History of B-PSA
The Baden-Powell Scout Association shares the proud heritage of the Scouting Movement, although we believe in a more traditional way of Scouting which closely follows the program set out by Baden-Powell in his book, "Scouting For Boys."
As an independent Scout Association, we are members of the World Federation of Independent Scouts (WFIS). This is a world body that recognises Independent Scouts Associations in countries across the world which teach traditional Baden-Powell Scouting values.
1907-1964: The Boy Scout Association
In 1907, General Robert Stephenson Baden-Powell was inspecting 7,000 members of the Boy's Brigade at Glasgow. Sir William Smith, the founder of The Boy's Brigade, asked Baden-Powell if he had ever considered rewriting his training manual for soldiers, "Aids To Scouting for N.C.O.s and Men" to make it appeal to boys. As a result of this conversation Baden-Powell ran an experimental camp for 20 boys at Brownsea Island to test out theories on providing activities for boys. Although there was no Scout association at that time, the Brownsea Camp is considered to mark the official start of the Scout Movement.
In 1908 he published a series of magazines, "Scouting For Boys," which suggested activities that existing youth organisations could make use of. An unexpected result of this was the formation of Scout Patrols around the country, all of which followed the principles set out in Baden-Powell's work. In 1910 Baden-Powell to formed the The Boy Scout Associationas a national body to organise and support the Scout Patrols. Scouting in the UK continued to follow the programme established by Baden-Powell until the publication of The Chief Scouts' Advance Party Report.
1964-1970: The Advance Party Report
The Advance Party Report was an attempt to address falling numbers within the Movement. The Advance Party, 24 Scout Leaders under the age of 45, sought to do this through a process of "modernisation".
The Scout Law was re-written and reduced in size, Senior Scouts and Rover Scouts were abolished, with the upper age limit dropped from 26 to 20 years, small groups were closed or merged, and changes were made to the uniform. Older leaders were forced to retire, and Baden-Powell's training scheme was dropped.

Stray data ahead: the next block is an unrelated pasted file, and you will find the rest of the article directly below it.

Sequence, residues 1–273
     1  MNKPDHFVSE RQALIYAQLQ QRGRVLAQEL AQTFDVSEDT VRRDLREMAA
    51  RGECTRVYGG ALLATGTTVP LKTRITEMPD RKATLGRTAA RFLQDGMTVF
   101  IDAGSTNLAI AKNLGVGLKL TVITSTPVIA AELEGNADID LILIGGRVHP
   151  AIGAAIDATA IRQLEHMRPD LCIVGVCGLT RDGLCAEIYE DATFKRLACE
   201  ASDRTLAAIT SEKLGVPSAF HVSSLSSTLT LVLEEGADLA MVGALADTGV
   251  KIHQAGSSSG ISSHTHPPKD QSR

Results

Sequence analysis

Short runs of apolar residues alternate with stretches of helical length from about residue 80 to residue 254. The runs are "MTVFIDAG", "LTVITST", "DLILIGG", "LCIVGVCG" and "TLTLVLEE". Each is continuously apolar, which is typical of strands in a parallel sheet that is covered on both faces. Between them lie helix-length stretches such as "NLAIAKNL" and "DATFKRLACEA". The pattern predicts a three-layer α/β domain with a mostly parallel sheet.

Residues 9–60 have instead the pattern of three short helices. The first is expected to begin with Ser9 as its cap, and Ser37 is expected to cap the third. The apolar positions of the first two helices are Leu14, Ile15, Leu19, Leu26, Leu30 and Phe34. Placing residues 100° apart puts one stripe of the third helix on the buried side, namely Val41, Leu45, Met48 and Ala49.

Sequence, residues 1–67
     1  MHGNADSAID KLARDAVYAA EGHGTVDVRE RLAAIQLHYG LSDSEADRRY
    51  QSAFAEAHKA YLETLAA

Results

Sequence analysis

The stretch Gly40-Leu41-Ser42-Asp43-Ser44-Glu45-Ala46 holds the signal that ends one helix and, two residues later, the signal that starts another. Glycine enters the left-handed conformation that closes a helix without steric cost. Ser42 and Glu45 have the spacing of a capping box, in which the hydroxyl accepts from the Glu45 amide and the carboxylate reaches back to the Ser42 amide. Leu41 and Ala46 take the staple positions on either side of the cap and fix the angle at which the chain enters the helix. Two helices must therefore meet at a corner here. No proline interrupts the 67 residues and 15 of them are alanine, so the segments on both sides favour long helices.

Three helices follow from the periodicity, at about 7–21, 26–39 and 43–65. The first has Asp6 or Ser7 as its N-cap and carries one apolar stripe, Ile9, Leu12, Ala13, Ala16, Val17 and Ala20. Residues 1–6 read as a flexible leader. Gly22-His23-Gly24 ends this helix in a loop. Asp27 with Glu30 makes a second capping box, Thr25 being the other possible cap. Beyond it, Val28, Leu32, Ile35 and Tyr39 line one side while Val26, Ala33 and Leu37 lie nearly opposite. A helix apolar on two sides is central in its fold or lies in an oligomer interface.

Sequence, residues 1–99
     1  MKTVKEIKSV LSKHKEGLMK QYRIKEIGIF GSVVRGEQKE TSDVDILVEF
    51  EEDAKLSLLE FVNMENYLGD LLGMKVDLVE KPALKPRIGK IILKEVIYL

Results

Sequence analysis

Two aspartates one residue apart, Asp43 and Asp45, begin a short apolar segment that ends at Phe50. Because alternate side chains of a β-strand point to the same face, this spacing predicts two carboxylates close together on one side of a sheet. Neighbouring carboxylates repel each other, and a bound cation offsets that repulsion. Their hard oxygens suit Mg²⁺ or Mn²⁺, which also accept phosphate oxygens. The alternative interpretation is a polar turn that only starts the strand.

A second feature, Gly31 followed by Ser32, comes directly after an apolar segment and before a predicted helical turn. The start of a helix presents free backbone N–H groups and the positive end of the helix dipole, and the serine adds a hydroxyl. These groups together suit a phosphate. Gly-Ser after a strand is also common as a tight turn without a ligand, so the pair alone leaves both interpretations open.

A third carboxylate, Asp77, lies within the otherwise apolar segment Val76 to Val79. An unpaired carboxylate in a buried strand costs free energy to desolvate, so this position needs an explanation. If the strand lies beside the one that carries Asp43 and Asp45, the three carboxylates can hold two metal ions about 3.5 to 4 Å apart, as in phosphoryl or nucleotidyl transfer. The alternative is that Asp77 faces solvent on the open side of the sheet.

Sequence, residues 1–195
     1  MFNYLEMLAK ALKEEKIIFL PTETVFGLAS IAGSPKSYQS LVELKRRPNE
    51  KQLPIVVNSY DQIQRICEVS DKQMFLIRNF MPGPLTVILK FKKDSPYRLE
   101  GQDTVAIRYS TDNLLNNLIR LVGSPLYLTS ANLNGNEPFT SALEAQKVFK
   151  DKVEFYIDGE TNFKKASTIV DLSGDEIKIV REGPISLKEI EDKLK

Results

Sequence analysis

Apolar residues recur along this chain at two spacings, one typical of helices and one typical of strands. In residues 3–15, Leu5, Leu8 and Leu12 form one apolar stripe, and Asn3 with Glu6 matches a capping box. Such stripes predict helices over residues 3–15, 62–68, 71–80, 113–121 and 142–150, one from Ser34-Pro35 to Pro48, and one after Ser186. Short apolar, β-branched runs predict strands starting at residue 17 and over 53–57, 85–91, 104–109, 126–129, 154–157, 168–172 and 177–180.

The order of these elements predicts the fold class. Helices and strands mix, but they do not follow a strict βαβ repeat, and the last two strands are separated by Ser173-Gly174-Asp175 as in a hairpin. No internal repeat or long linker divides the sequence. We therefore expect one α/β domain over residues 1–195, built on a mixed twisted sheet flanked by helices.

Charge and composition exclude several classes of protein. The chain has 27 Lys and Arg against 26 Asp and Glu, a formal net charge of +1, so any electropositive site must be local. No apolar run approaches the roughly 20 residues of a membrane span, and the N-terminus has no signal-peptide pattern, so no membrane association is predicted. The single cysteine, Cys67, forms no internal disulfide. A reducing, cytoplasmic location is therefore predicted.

In 1969 a pressure group was formed within The Scout Association, known as The Scout Action Group. They did not agree with elements of the changes proposed by the Advance Party Report, and asked that Groups wanting to maintain a more traditional approach to Scouting should be allowed to do so.
In mid-1970 The Scout Action Group published The Black Report, which outlined their views.
1970-present: The Baden-Powell Scouts' Association
The Scout Association refused to accept the views expressed in The Black Report and as a result, on 20th September 1970, the organisation split into two associations - the Scout Association and the Baden-Powell Scouts' Association - with neither being able to claim the other was more or less scouting than the other.
The formative years of the B-PSA were challenging. Due to internal disagreements the Association split into two separate organisations in 1979, with both claiming the name and charity number of the Association. The two factions were able to reconcile their differences in June 1990.
In the 1990s there was a dip in the number of active Groups in the Baden-Powell Scouts' Association, in common with a drop in numbers experienced by The Scout Association at that time. As with The Scout Association, the Baden-Powell Scouts' Association has shown subsequent growth in numbers with the opening of new groups.
The B-PSA celebrated 100 years of Scouting in 2007, issuing centenary badges and holding their own Centenary Camp in Southampton. In 2008, leaders from the Association set aside their Association membership and organised "Jamboree 2008," an event that was aimed at bringing all of the various factions of Scouting back together for an event marking the centenary of the first official Scout Camp held by Baden-Powell at Humshaugh. The event included parades at Hexham Abbey and a ceremony at the original Carr Edge camp site.